By Jenifer Larson-Hall on Thursday, June 22, 2000 - 1:16 pm:

Dear Kristine,
With 5 kids you are going to want either someplace that's way expensive in Tokyo (sounds like you won't be able to afford it with what they're offering your husband) or someplace bigger farther out. I would definitely consider the suburbs. My husband has a Fulbright scholarship, and we receive about 350,000 each month, which is pretty adequate for a cheap but not uncomfortable Japanese lifestyle (we have one baby, age 1 1/2. Our rent is only 90,000, and we have a 3-bedroom house. However, we live in a suburb that is about a 75-90min. commute into the heart of Tokyo. We even have a little yard. We used a real estate agent with the Tokyo Housing Bureau, Shunji Watanabe, 03-3501-2496. They apparently rent out houses of diplomats, etc., Japanese who will be out of the country for a few years and want to rent their house out. We didn't have to pay any key money, just 3 months of deposit and a month of rent to the agent for his fee.
If I were you, living on that amount of money, I would find a house in the suburbs (we live in the northeastern suburbs, but it seems like the western suburbs have more resources for children), send my kids to Japanese schools (hence, no tuition) and I think you could make it on 45 man a month. It wouldn't be a luxurious lifestyle by any stretch of the imagination.
We spend about 60,000 on food (that's 3 of us) a month, about 30,000 on utilities, only 6000 for parking, and we bought a very cheap used car.
Hope that gives you some more ideas.

By Scott Hancock on Tuesday, February 6, 2001 - 2:30 am:

Cornelia, I would like to add my two cents to your reference to "bonus" in your post of last June.

My perspective on this is from being a company owner. We make a point of paying by the U.S. style of agreeing on a salary for a year and paying 1/12 of this every month. Period. Remember that in English, "bonus" means something that is given in addition to that which is expected or committed to. We sometimes give people a "bonus". But, if we do, it is in addition to their agreed upon yearly salary.

Although I have never worked for a Japanese company, my understanding is that the Japanese definition of "bonus" is quite different from the above.

My understanding is that a yearly salary is agreed to, but maybe 1/16 is paid each calendar month and the summer and winter "bonuses" are really the 2/16 x 2 worth of the remaining yearly pay. And, as you say, if the company feels it necessary, this amount can be reduced or withheld completely. The result being that people do not end up getting their agreed salary! I call that "loaning the company money" rather than "bonus".

Another variation is to agree on a monthly salary with some vague indication of what the "bonus" would be, but with no guarantee. Implication being that at the time of making the deal, the employee might agree with the expectation of the "bonus", even though it is not committed.

I think it's very important to spell out these vagaries to non-Japanese who may be employed on a local basis. Especially, if they're making some big move for 450,000/month! I think the possibility for misunderstanding is very great when a potential (foreign) employee who is used to an environment where everything is spelled out clearly, tries to make a sensible decision in one where vagueness is more the norm.



By Ana Mickle on Sunday, June 23, 2002 - 11:33 pm:

Hi there! We're moving to Tokyo and due to work constraints, we have to pack up the house before we can get out to look for apartments. We live in North Carolina and have the typical sprawling suburban home. I'm in a quandry as to what to pack since I have no idea what I'm packing for. I'm going for bare essentials, but I'm hoping someone can give me a clue as to how big an appartment we can get for about 850,000 to 900,000 Yen in in or around the Ropponggi/Minato-Ku area. I'm woefully ignorant of the geography and am currently trying to get up to speed, but I believe the office in in the area. Also, is it difficult to find the apartments that allow dogs -- my 4 year old refuses to leave our black lab with her grandparents and if we do she (and I) may just be in therapy for a long time -- :-)!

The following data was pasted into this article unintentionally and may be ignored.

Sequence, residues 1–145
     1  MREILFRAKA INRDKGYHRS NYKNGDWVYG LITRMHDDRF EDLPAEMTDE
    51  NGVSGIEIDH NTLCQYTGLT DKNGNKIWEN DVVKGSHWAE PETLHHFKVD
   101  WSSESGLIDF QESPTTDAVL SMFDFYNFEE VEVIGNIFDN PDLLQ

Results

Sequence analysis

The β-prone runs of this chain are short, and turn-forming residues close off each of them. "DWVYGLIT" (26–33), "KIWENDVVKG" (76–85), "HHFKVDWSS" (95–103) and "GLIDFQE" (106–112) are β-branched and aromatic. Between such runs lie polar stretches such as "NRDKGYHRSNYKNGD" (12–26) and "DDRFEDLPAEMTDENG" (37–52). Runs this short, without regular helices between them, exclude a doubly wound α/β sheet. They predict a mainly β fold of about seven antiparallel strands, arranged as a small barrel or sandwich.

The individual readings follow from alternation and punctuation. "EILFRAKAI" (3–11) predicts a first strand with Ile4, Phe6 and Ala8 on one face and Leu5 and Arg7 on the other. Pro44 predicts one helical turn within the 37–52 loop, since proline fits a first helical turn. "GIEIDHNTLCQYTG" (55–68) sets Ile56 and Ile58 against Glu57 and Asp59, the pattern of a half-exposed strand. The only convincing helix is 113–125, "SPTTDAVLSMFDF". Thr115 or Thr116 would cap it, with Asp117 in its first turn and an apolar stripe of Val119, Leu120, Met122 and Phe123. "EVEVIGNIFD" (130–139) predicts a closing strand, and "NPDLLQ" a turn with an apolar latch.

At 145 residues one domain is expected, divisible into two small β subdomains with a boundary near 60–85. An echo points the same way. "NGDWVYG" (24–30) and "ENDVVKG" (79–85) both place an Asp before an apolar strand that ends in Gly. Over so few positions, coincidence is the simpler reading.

Thanks for all your help!


By Scott Hancock on Sunday, June 23, 2002 - 11:54 pm:

There are several online resources for this now. Here's a couple to get you started, but also try your own search:

By Scott Hancock on Sunday, June 23, 2002 - 11:59 pm:

The dog requirement is not impossible, but be sure to mention it to each agent you contact as clearly a MUST. This should narrow things down more quickly.

Also, keep in mind the possibility of negotiating as much time as you can in the initial housing when you arrive. If you can get the company to put you into something less expensive than a hotel, you'll have more time to find the permanent place you want. Usually, if you're in a relatively expensive hotel, any company could be limiting the time you have to decide.

There are separate listings online for furnished apartments.

And, for a quick reference, you should see that in the price and area you mention, you will probably get something around 125-160 square meters.
This coverts to roughly 1300-1700 square feet.

Another thing is that it's important to pay attention to the company handling the clearance of your dog into Japan.

There's a quarantine period and I believe this clearance is usually handled by some "specialist" company which takes care of the dog during the quarantine. I have heard unpleasant stories, so it bears your personal attention and interaction with whoever is doing it on this side.

Maybe someone here will have a recommendation.

Just noticed there's a whole coversation about the pet issue if you go to the top of discussions and then to Moving To/From Japan and then the pet topic.

FWIW, Scott

By Admin on Monday, June 24, 2002 - 7:12 am:

If you look down a bit under General Discussions you'll find:

General Discussions: Housing in Japan

Also the Moving to Japan discussion heading will also include some answers to your many questions.

By Karyn Robson on Saturday, September 10, 2005 - 3:24 pm:

I just found out about two great sources of information has lots of tips for living inexpensively in Tokyo and Japan

Or you can join the world of freecyclers. The Freecycle NetworkEis made up of many individual groups across the globe. It's a grassroots movement of people who are giving (& getting) stuff for free in their own towns. You can find out about groups in your area of Japan at

Add a Message

This is a private posting area. Only registered users and moderators may post messages here.